Micro and a sting inverters are easily confused. Having a sound knowledge of the difference between these two main inverters will help you make the best decision for your home when deciding to go solar.
First Things First: What Is An Inverter?
Before we can dive into the difference between inverter types, you need a basic understanding of what an inverter even does. An inverter is a device used to convert the current that is gathered by your panels — direct current or DC — into a usable current known as AC (alternating current).
String inverters where the first inverter type to be produced and are still widely used by many installers.
How a sting inverter works
A string inverter has a line of panels that are all connected on the same string. You need the string of panels to be the same length, angle, and type of panel for the inverter to perform accurately.
String inverters with optimizers
To try and help with this performance problem, companies like Solaredge have created a string inverter that uses power optimizers on the back of each panel. The optimizer helps stabilize energy production.
A power optimizer channels the direct current to the central inverter so it can be converted to alternating current. Although better than a traditional sting inverter you still have a single point of failure which means your whole system will shut down if there is a problem.
What scenarios are best for string inverters?
With a string inverter, all the panels will produce at the same production level as the panel with the lowest production available. This means that this inverter is best when there is no shade on your panels.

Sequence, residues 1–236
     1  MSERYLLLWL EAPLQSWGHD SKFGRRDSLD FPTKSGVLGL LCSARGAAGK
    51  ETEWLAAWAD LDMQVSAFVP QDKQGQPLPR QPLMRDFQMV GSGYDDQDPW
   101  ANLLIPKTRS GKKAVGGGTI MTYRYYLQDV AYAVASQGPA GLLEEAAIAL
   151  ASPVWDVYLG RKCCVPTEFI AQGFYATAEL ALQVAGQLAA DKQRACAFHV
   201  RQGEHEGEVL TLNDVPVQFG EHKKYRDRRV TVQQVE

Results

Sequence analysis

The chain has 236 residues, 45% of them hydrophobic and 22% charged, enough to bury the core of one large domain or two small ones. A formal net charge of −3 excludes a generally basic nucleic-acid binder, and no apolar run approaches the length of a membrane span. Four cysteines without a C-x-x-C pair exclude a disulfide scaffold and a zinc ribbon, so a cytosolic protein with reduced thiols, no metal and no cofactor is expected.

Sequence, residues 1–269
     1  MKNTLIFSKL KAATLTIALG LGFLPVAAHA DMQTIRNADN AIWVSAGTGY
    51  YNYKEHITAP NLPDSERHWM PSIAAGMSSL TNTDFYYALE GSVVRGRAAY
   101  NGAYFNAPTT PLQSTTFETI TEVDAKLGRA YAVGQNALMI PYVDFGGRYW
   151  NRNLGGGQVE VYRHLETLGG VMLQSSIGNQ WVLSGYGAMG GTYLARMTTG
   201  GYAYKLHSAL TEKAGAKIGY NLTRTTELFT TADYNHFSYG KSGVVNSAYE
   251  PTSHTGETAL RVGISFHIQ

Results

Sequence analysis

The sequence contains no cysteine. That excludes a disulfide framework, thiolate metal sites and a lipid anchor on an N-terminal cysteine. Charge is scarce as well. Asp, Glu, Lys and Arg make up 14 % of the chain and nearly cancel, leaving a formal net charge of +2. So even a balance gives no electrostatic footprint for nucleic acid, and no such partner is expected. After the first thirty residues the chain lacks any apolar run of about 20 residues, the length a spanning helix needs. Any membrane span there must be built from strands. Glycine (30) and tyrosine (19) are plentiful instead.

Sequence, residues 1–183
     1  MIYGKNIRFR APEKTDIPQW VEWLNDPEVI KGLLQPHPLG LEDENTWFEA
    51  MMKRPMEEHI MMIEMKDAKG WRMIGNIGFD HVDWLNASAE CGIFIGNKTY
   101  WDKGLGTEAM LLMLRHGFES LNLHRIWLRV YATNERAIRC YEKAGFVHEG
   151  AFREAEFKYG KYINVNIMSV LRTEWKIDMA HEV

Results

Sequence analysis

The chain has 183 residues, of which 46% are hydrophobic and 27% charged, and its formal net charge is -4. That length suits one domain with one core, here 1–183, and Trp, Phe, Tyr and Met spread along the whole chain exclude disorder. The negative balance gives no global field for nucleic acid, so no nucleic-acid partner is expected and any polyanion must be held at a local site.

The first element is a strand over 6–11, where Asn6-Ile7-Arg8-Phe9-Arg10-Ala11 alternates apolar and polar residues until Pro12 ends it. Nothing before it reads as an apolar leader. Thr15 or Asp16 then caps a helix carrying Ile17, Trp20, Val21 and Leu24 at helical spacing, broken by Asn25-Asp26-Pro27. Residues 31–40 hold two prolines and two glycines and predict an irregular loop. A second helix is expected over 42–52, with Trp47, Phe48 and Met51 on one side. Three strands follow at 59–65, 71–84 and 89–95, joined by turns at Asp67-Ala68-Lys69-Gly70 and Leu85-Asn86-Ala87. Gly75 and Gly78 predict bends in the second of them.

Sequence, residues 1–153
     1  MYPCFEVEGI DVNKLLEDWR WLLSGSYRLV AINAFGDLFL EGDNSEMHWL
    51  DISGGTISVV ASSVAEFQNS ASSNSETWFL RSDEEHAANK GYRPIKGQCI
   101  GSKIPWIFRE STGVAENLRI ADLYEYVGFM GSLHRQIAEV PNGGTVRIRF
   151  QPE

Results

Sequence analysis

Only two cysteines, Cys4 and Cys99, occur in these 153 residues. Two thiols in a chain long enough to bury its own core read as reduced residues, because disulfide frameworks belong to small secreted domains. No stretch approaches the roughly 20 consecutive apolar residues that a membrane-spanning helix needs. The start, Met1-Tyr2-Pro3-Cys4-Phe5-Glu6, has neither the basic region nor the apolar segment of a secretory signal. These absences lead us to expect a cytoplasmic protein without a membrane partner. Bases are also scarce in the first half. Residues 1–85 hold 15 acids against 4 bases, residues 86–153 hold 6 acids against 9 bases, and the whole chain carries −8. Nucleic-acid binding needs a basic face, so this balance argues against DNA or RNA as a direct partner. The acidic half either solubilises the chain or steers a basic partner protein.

Microinverters were created as a solution to the shading problems that string inverters where having.
What is a Microinverter?
A Microinverter has a mini inverter connected to the back of each panel so that it can convert maximum power from DC to AC. This allows you to get the maximum power possible whether one panel is being shaded or not.
There have been some questions raised about microinverters heating up the panels, but Greentech media has stated that if the microinverter is installed properly, there will be a large enough gap between the panel and the inverter that the heat from the inverter will have a minimal effect on the performance of your panels.
Situations Best Fitted For A Microinverter
Microinverters solve the shading problems that occur in a traditional string system. The main issue with these systems is that they cost more.
Go Solar Group’s Solutions
Go Solar Group uses the SMA sunny boy on most of their installs, but if the situation calls for it, they use Solar Edge’s optimizer sting inverters. These are both string inverters, but the Solar Edge inverter will allow you to have maximum power when there is shading on a couple of panels.
We decided to stick with SMA’s Sunny Boy because they are the best of the best in string inverters and combine German engineering with American manufacturing. Both of the inverters we use give you the option of adding battery backup to your system either now or down the road.